U.S. Food and Drug Administration, “Press Announcements  FDA Commissioner Scott Gottlieb, M.D., updates on some ongoing shortages related to IV fluids,” https://www.fda.gov/NewsEvents/Newsroom/PressAnnouncements/ucm592617.htm, 2018. View at: Google Scholar
 E. R. Fox, A. Birt, K. B. James et al., “ASHP guidelines on managing drug product shortages in hospitals and health systems,” American Journal of HealthSystem Pharmacy, vol. 66, no. 15, pp. 1399–1406, 2009. View at: Publisher Site  Google Scholar
 F. Lücker and R. W. Seifert, “Building up Resilience in a Pharmaceutical Supply Chain through Inventory, Dual Sourcing and Agility Capacity,” OMEGA  The International Journal of Management Science, vol. 73, pp. 114–124, 2017. View at: Google Scholar
 R. Uthayakumar and S. Priyan, “Pharmaceutical supply chain and inventory management strategies: optimization for a pharmaceutical company and a hospital,” Operations Research for Health Care, vol. 2, no. 3, pp. 52–64, 2013. View at: Publisher Site  Google Scholar
 J. Jia and H. Zhao, “Mitigating the U.S. drug shortages through paretoimproving contracts,” Production Engineering Research and Development, vol. 26, no. 8, pp. 1463–1480, 2017. View at: Publisher Site  Google Scholar
 S. Saedi, O. E. Kundakcioglu, and A. C. Henry, “Mitigating the impact of drug shortages for a healthcare facility: an inventory management approach,” European Journal of Operational Research, vol. 251, no. 1, pp. 107–123, 2016. View at: Publisher Site  Google Scholar  MathSciNet
 J. Strohhecker and A. Größler, “Leadweighted jacket or life vest? Inventories in the presence of major production disruptions,” in Proceedings of the presented at the 21st EurOMA Conference, p. 51, Palermo, 2014. View at: Google Scholar
 J. Strohhecker and A. Größler, “Dynamic Life cycle inventory policies for consumer goods with severe production disruptions,” in Proceedings of the presented at the 22nd EurOMA Conference, p. 78, 2015. View at: Google Scholar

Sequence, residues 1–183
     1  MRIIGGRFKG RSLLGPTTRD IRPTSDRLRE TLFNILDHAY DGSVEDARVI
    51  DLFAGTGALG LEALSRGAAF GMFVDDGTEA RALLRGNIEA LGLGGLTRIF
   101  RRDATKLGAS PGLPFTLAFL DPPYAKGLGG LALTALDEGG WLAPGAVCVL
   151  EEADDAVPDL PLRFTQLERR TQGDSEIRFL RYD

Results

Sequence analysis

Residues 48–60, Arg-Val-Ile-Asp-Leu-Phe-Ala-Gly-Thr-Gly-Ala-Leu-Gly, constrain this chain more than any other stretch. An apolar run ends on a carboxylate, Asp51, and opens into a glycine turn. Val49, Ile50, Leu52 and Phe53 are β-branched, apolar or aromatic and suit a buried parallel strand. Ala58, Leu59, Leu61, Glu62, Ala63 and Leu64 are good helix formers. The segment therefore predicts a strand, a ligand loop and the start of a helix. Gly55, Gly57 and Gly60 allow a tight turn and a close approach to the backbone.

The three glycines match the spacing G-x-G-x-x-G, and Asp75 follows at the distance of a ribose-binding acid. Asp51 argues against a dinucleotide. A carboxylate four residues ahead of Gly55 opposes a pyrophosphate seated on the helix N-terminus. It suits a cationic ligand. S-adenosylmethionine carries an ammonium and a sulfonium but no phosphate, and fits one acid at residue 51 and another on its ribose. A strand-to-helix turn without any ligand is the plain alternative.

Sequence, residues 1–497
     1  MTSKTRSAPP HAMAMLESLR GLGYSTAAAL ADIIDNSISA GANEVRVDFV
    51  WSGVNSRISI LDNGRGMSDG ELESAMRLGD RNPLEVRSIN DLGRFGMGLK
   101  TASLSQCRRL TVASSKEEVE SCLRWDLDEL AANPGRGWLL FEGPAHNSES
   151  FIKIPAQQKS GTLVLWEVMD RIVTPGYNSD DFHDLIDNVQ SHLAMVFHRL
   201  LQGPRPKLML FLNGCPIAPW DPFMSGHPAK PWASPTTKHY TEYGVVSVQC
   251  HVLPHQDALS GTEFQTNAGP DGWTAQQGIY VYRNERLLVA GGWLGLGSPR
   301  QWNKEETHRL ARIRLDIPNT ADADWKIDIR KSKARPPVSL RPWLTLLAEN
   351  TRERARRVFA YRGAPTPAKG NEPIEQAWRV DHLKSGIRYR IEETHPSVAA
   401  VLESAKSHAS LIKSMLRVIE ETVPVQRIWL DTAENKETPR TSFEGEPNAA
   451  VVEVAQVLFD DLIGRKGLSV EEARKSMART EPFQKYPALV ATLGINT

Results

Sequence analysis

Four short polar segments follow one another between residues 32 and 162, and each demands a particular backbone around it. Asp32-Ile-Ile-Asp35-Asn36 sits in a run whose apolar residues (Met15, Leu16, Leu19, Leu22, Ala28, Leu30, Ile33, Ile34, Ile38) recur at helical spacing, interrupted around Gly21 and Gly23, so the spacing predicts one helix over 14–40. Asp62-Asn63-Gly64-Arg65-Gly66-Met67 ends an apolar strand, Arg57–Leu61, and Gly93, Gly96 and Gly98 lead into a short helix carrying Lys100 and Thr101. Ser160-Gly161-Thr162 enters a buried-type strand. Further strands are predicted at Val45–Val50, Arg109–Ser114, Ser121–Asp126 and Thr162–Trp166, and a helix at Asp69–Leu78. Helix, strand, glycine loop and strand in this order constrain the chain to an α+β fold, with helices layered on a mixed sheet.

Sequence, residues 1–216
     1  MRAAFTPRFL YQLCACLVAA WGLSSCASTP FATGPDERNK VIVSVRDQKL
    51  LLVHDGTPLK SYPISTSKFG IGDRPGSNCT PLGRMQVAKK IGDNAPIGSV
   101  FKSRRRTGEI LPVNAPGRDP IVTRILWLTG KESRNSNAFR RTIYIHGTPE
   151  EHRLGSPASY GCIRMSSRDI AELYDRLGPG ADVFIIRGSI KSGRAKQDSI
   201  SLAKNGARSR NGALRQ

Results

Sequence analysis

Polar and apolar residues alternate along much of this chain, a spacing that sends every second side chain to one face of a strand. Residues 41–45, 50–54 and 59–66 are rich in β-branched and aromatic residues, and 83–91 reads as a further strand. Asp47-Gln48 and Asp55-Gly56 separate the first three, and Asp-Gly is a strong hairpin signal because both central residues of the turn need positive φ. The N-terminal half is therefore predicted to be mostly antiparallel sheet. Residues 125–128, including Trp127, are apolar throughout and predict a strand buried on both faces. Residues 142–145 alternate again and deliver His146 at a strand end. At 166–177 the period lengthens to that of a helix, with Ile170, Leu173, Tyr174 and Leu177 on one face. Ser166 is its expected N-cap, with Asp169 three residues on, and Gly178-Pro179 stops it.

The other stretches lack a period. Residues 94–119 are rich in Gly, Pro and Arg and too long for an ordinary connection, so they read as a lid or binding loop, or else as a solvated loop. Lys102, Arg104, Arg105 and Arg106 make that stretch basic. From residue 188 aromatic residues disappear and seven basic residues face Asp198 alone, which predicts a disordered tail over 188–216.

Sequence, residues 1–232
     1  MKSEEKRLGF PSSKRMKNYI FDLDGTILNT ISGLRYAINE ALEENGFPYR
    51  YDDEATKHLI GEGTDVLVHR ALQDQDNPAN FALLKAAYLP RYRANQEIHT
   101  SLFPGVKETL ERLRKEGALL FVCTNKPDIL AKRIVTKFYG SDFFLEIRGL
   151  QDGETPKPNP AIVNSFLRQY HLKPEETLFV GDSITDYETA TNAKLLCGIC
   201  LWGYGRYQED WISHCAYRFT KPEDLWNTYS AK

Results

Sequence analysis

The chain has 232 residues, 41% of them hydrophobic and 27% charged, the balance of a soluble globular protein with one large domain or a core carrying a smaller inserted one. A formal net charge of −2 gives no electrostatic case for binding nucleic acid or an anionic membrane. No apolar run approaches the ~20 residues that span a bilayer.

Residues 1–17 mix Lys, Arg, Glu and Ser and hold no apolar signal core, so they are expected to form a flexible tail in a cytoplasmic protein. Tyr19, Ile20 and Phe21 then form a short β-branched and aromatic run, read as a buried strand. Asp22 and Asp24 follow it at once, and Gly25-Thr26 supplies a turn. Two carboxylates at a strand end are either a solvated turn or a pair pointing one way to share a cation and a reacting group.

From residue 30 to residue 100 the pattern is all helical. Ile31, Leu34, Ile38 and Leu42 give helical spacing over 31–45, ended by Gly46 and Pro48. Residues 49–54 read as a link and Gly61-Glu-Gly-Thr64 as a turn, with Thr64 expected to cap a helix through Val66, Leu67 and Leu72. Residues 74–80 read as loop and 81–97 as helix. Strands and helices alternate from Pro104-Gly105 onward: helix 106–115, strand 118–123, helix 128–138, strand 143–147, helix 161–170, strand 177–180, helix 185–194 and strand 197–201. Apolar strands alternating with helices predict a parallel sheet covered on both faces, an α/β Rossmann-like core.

B. Tomlin, “On the value of mitigation and contingency strategies for managing supply chain disruption risks,” Management Science, vol. 52, no. 5, pp. 639–657, 2006. View at: Publisher Site  Google Scholar
 B. Tomlin and L. V. Snyder, “On the value of a threat advisory system for managing supply chain disruptions,” in Working Paper, KenanFlagler Business School, University of North CarolinaChapel Hill USA, 2006. View at: Google Scholar
 S. Chopra, G. Reinhardt, and U. Mohan, “The importance of decoupling recurrent and disruption risks in a supply chain,” Naval Research Logistics (NRL), vol. 54, no. 5, pp. 544–555, 2007. View at: Publisher Site  Google Scholar
 Z. Atan, L. V. Snyder, and G. R. Wilson, “Lateral Transshipment and Rationing Policies for MultiRetailer Systems,” in Social Science Research Network, SSRN Scholarly, Rochester, NY, USA, 2013. View at: Publisher Site  Google Scholar
 S. Saghafian and M. P. Van Oyen, “The value of flexible backup suppliers and disruption risk information: Newsvendor analysis with recourse,” Institute of Industrial Engineers (IIE). IIE Transactions, vol. 44, no. 10, pp. 834–867, 2012. View at: Google Scholar
 S. Demirel, R. Kapuscinski, and M. Yu, “Strategic behavior of suppliers in the face of production disruptions,” Management Science, vol. 64, no. 2, pp. 533–551, 2018. View at: Publisher Site  Google Scholar
 C. A. Yano and H. L. Lee, “Lot sizing with random yields: a review,” Operations Research, vol. 43, no. 2, pp. 311–334, 1995. View at: Publisher Site  Google Scholar